Entries in Despression (1)


Migraines Linked to Depression in Women

Hemera/Thinkstock(BOSTON) -- According to a new study, women with a history of migraines are 41 percent more likely to develop depression than their migraine-free counterparts.

"Our study shows that migraine is a potential risk factor for depression," said study author Dr. Tobias Kurth, a neuroepidemiologist at Brigham and Women's Hospital. "If you have a chronic intermittent pain condition, you may be more likely to develop depressive symptoms or even depression because you're so bothered by the pain. And it's also possible the conditions share similar pathophysiological features in the brain."

The study followed 36,154 women, 6,456 of whom had a history of migraines. Over an average of 14 years, 3,971 women developed depression -- a diagnosis much more common among migraine sufferers. Kurth and colleagues will present their results in April at the American Academy of Neurology's 64th Annual Meeting in New Orleans.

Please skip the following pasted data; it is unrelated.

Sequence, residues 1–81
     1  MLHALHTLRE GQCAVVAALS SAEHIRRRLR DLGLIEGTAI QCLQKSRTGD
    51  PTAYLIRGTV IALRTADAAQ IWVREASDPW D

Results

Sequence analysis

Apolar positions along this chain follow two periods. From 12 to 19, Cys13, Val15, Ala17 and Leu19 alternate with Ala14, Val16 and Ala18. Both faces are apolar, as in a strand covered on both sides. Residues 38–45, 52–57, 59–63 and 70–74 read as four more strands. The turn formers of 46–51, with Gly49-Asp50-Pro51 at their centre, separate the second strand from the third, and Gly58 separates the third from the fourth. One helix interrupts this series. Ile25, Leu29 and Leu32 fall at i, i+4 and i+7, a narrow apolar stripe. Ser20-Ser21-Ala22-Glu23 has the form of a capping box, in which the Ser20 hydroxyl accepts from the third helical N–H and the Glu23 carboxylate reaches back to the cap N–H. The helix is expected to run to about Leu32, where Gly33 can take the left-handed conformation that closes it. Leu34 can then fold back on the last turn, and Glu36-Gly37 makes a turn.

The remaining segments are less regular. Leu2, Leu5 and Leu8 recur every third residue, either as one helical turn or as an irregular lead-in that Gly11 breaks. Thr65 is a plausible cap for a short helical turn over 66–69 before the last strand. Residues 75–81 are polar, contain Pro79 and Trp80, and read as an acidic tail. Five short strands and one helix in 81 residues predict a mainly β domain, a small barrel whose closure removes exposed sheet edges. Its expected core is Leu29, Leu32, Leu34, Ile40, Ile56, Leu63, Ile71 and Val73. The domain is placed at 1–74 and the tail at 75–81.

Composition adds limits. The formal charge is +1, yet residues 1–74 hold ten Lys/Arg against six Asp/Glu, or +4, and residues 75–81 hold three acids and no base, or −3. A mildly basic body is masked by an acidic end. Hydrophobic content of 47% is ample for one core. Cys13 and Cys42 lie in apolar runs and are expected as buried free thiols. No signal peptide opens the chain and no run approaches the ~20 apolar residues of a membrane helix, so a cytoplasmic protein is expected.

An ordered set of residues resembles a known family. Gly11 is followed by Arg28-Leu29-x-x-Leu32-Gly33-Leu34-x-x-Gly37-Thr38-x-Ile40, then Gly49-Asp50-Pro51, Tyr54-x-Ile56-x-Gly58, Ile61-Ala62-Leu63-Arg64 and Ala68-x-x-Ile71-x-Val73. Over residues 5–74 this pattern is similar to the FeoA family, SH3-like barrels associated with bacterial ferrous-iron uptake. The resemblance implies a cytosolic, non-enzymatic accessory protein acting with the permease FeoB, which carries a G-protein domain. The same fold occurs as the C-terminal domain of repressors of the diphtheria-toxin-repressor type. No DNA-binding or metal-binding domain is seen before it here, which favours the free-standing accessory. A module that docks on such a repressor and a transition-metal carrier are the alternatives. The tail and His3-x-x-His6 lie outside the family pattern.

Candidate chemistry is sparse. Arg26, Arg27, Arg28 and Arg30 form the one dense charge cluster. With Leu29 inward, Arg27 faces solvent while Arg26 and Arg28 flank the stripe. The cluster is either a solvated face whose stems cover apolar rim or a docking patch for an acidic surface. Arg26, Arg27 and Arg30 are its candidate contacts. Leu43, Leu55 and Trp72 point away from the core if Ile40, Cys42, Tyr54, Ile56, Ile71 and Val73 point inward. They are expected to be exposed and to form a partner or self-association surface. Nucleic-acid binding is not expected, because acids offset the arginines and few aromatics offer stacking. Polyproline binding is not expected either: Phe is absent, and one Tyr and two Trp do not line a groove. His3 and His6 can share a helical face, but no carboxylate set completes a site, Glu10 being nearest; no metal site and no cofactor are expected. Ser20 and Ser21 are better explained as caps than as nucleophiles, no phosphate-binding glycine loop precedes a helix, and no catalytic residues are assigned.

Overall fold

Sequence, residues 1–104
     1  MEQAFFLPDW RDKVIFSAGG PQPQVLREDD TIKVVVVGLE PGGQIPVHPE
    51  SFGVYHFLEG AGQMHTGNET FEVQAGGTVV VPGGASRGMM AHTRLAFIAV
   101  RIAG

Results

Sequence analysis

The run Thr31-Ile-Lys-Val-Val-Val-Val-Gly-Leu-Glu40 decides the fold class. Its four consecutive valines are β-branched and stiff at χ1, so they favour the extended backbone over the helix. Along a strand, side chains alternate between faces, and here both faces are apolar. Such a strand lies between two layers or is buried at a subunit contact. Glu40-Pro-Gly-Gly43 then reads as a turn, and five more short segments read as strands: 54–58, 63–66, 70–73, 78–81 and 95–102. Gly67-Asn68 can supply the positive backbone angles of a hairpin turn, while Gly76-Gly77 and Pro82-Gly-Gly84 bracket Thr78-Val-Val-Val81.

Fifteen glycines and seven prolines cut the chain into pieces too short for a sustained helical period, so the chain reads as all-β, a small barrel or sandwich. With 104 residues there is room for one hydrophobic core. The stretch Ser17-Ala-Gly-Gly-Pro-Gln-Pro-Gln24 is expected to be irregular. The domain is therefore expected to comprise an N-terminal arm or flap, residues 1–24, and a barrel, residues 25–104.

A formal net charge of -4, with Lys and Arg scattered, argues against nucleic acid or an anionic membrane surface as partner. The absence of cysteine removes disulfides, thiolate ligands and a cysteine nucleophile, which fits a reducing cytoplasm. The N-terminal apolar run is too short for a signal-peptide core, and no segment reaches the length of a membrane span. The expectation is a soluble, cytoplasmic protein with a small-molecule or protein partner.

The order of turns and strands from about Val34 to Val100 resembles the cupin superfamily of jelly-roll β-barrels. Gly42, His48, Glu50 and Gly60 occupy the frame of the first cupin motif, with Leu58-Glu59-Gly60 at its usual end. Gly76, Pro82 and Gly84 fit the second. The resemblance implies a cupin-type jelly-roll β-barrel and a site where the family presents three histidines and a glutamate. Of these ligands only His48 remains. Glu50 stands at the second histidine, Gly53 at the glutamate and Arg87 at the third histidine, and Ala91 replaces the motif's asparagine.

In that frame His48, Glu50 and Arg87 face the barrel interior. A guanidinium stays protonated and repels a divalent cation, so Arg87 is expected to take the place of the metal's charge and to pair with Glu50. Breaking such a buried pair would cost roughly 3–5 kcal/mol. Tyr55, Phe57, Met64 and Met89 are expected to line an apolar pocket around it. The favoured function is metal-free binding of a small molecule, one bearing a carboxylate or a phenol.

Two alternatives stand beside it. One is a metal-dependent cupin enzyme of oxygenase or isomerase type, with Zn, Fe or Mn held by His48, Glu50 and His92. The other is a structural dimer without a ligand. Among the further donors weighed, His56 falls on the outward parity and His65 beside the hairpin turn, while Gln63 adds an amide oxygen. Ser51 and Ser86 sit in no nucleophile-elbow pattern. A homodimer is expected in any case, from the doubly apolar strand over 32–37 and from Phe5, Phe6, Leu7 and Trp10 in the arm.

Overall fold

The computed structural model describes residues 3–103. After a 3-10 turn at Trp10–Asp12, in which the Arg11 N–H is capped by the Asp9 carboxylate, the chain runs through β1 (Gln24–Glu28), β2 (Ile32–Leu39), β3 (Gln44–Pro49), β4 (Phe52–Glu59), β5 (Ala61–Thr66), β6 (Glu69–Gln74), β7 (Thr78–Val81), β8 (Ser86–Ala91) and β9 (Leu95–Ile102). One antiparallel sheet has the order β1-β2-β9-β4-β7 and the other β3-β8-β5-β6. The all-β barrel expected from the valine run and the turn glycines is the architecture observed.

Dr. Joel Saper, director of the Michigan Headache and Neurological Institute, said the study confirms a long-suspected link between migraines and depression.

"They can intermingle with each other, and they can masquerade each other," said Saper, adding that both conditions have genetic routes. "And having one makes the other one worse."

Previous studies have found people with depression are more likely to get migraines, suggesting the risk goes both ways.

"It emphasizes the importance of treating both conditions at the same time," said Saper. "Sometimes we can treat both with the same medication."

Migraine and depression are more common in women than in men, which Saper attributes to fluctuations estrogen levels.

"Estrogen makes both of these worse," he said, describing the headaches and mood changes often triggered by the menstrual cycle. "Women are more prone to depression and more prone to migraines, and women who take oral contraceptives are often worse off."

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